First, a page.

Happiness Project assessment, one week in:
I found out that “write when I feel the urge” is easier than I thought it would be, judging by the complete row of checkmarks. I only needed the validation of checkmarks by a list item to let myself seize those moments of inspiration. That and the little warning flag I made to hang out for my husband to tell him to ignore me while I’m writing. Which is working very well.
The only other new institution to have an unexpected 100% score is journalling. While I write consistently overall, and sometimes I keep a journal, I never consistently keep a journal, and I would like to (I’ve begun to, as a matter of fact). It seems the form was the key. I got a dateless day planner with about an inch of space per day. Thinking of it as a one sentence journal, although an inch will fit a few sentences if you write small, made it easy. It takes about a minute to review the day. So the secret is to make the task manageably small, which makes the bigger goal achievable. This little journal reminds me now of the 92 year old woman who dropped a pile of day planners like this on my desk (I was doing taxes-the journals were proofs of her necessary traveling), and blithely told me she’d kept a journal every day for her whole life. “Well, not when I was very small”. Each little inch was filled with her tiny handwriting about coffee dates, projects, feelings, moods, successes- everything. An inch can be enough to summarize the main events of a day.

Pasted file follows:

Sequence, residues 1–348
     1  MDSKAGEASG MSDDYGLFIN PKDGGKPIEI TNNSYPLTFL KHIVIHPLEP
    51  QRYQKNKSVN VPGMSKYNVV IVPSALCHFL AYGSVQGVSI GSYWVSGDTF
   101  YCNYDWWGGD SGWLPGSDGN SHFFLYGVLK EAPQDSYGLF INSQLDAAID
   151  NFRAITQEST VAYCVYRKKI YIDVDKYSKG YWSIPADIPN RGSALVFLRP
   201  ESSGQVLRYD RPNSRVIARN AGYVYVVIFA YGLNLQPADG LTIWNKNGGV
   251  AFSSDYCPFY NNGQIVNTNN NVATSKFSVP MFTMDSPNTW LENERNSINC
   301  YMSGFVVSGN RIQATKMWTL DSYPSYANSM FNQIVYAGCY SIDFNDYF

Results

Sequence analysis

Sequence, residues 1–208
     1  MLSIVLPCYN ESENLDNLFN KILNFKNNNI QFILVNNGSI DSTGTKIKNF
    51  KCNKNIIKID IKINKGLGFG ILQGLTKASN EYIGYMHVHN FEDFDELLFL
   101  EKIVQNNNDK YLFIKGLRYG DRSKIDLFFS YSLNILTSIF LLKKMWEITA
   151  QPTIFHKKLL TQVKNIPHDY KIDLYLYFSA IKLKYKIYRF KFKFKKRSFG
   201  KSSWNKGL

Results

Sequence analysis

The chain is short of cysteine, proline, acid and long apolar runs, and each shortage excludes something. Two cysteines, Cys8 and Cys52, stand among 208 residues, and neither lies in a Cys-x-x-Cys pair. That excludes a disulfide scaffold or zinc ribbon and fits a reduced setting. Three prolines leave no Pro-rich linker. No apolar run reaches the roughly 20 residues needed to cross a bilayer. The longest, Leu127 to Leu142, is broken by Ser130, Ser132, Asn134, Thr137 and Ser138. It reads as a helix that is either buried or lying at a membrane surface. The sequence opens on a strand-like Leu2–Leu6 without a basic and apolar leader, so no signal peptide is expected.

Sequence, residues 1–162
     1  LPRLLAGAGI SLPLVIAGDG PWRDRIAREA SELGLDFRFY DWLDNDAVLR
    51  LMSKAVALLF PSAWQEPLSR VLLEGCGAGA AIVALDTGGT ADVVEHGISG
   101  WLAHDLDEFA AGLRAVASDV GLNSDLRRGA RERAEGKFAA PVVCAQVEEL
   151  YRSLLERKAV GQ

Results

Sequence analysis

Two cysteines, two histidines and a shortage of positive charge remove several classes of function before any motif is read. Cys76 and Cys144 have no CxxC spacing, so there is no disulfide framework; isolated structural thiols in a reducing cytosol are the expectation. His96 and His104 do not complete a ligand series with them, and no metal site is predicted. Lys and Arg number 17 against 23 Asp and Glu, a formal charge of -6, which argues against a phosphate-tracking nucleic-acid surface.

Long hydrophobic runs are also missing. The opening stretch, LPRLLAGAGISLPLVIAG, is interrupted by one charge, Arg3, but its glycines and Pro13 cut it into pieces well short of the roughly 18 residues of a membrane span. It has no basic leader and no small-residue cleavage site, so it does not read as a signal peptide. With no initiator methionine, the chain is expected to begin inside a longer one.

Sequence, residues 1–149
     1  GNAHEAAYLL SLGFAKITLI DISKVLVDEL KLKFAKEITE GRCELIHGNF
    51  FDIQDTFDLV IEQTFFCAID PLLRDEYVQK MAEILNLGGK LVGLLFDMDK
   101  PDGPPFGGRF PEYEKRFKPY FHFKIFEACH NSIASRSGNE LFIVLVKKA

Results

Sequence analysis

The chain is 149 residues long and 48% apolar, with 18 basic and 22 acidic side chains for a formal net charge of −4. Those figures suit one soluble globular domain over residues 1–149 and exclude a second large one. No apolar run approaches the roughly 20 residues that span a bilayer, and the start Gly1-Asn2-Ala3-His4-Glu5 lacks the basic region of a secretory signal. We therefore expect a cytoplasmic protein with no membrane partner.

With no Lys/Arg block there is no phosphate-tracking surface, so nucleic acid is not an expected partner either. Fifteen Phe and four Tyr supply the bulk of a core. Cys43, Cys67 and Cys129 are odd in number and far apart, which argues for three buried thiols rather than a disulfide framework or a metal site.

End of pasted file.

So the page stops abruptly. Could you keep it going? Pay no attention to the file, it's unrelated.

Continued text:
I found that a few of my list items were too vague, and I had to define better for myself what constituted gold star performance.
Naturally, my initial comprehensive list, which charted a whole month, wasn’t ideal (If a system doesn’t function, change the system). I figured out I needed a weekly list, so I had to do a complete revamp. I did a better graphic layout waiting in a parking lot than the first clothes-rending day-long ordeal. I found that Presentation, not Document, in OpenOffice did what I needed to, and I zapped out a revised edition of sublime perfection that thrills me every time I look at it, so it was all worthwhile after all. Not only that, I strode right in, handed my thumb drive over to the same attendant, and he executed it in about 15 seconds, confirming another adage (Just let the professionals do it sometimes).